From the earliest states to the Islamic State


There has been some controversy over whether ISIS, or the Islamic State, is truly a state. Even according to the standard definition of “territorial monopoly of force” (which I think is too restrictive anyway), it would be difficult at this point to justify not calling it a state, if something of a ragtag one.

And its rise as a state in the crucible of war in Iraq and Syria is a fairly typical one. For just as, in the words of Randolph Bourne, “war is the health of the state,” war is also the birth of the state.

This is not only true of states born amid already state-dominated societies, but also of the emergence of primordial states. This was exhaustively detailed by the great sociologist Franz Oppenheimer in his classic work The State (1908). He explained how land states in the Old World virtually always emerged out of war and conquest: specifically the conquest of nomadic herdsmen over settled peasants. The conquerors graduate from shortsighted wanton ravaging to prudentially-curbed extraction. They then evolve from alien tribute demanders to domestic tax collectors, and become progressively entangled with their subjects as a ruling class.

The great classical liberal philosopher Herbert Spencer also pointed to war as the crucible of the primitive state. In his The Man Versus the State (1884), he wrote:

“Be it or be it not true that Man is shapen in iniquity and conceived in sin, it is unquestionably true that Government is begotten of aggression and by aggression.”

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I hold no brief for State Department spokesperson Marie Harf, who spends most of her time shilling for her bosses’ catastrophic policies in Iraq, Syria, Ukraine, and beyond. But it bodes ill for our prospects of peace that the most sensible thing I’ve ever heard her say is the one thing that has put her in possibly career-ending hot water.

On MSNBC’s Hardball with Chris Matthews, she had the following exchange with the host:

MARIE HARF, U.S. STATE DEPARTMENT: I think there are a few stages here, right now we are trying to take their leaders and their fighters off the battlefield in Iraq & Syria, that is where they really flourish.

CHRIS MATTHEWS, MSNBC: Are we killing enough of them?

MARIE HARF: We’re killing a lot of them. And we’re going to keep killing more of them. So are the Egyptians and Jordanians, they’re in this fight with us. We can not win this war by killing them. We can not kill our way out of this war. We need in the medium and longer term to go after the root causes that lead people to join these groups, whether it is lack of opportunity for jobs—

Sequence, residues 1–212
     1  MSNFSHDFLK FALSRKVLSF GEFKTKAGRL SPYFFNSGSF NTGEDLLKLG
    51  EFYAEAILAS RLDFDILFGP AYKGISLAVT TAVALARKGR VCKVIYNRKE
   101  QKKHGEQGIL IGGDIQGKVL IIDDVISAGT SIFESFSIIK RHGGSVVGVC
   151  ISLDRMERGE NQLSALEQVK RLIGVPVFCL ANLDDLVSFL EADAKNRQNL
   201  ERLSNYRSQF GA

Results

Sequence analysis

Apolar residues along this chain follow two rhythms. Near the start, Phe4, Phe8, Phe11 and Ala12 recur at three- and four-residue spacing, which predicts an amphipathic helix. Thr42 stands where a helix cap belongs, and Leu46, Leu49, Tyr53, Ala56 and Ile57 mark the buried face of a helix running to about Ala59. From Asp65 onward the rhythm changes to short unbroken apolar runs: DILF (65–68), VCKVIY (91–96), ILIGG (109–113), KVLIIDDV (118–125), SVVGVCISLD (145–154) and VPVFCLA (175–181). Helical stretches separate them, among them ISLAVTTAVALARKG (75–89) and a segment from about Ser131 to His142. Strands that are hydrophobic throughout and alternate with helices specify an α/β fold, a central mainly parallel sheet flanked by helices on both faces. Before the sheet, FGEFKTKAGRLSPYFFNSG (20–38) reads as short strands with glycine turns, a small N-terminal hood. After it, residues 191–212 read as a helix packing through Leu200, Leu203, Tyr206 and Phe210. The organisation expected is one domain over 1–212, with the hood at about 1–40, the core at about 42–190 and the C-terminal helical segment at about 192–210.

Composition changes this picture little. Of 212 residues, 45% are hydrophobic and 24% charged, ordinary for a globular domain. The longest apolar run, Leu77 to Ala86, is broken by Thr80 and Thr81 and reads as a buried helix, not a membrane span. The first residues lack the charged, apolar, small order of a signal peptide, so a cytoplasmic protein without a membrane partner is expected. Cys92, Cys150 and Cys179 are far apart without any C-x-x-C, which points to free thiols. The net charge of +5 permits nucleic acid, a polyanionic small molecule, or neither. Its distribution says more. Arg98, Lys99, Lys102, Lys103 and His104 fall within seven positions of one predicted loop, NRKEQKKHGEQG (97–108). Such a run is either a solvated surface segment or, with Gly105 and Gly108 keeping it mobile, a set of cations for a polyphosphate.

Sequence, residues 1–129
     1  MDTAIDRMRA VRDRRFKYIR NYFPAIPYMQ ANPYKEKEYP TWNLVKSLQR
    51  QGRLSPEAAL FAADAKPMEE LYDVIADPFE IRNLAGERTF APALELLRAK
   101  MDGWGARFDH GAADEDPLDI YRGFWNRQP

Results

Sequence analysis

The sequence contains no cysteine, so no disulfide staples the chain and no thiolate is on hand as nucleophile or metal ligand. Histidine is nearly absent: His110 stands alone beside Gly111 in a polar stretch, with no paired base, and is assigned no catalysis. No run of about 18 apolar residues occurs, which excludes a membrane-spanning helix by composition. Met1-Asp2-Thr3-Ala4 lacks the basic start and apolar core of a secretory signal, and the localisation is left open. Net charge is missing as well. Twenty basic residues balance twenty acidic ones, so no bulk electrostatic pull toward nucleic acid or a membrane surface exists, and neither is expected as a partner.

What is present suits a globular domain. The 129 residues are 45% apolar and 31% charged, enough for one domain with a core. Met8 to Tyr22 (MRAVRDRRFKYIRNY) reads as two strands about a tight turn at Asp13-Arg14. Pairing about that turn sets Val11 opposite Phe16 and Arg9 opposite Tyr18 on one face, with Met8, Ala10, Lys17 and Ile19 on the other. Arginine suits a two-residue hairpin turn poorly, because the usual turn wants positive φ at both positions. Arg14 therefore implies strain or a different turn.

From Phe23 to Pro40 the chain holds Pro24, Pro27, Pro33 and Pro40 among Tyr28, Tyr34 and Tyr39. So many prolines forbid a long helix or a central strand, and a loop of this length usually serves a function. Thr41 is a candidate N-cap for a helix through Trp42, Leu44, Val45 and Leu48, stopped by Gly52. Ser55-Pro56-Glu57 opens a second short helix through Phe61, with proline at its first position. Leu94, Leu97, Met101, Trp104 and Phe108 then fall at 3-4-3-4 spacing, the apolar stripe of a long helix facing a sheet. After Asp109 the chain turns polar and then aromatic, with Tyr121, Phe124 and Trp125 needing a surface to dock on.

First of all, here is what is problematic about her statement. For one thing, she ignores the deepest of the “root causes,” which is US intervention itself: especially, George W. Bush’s invasion and occupation of Iraq, which fertilized the east of the Fertile Crescent with blood and chaos, yielding a blooming Al Qaeda in Iraq (AQI) as its harvest.
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After a week here in FMC Lexington Satellite camp, a federal prison in Kentucky, I started catching up on national and international news via back issues of USA Today available in the prison library, and an “In Brief” item, on p. 2A of the Jan. 30 weekend edition, caught my eye. It briefly described a protest in Washington, D.C., in which members of the antiwar group “Code Pink” interrupted a U.S. Senate Armed Services budget hearing chaired by Senator John McCain. The protesters approached a witness table where Henry Kissinger, Madeleine Albright and George Schulz were seated. One of their signs called Henry Kissinger a war criminal. “McCain,” the article continued, “blurted out, ‘Get out of here, you low-life scum.'”

At mail call, a week ago, I received Richard Clarke’s novel, The Sting of the Drone, (May 2014, St. Martin’s Press), about characters involved in developing and launching drone attacks. I’m in prison for protesting drone warfare, so a kind friend ordered it for me. The author, a former “National Coordinator for Security and Counterterrorism,” worked for 30 years inside the U.S. government but seems to have greater respect than some within government for concerned people outside of it. He seems also to feel some respect for people outside our borders.

He develops, I think, a fair-minded approach toward evaluating drone warfare given his acceptance that wars and assassinations are sometimes necessary. (I don’t share that premise). Several characters in the novel, including members of a House Permanent Select Committee on Intelligence, criticize drone warfare, noting that in spite of high level, expensive reconnaissance, drone attacks still kill civilians, alienating people the U.S. ostensibly wants to turn away from terrorism.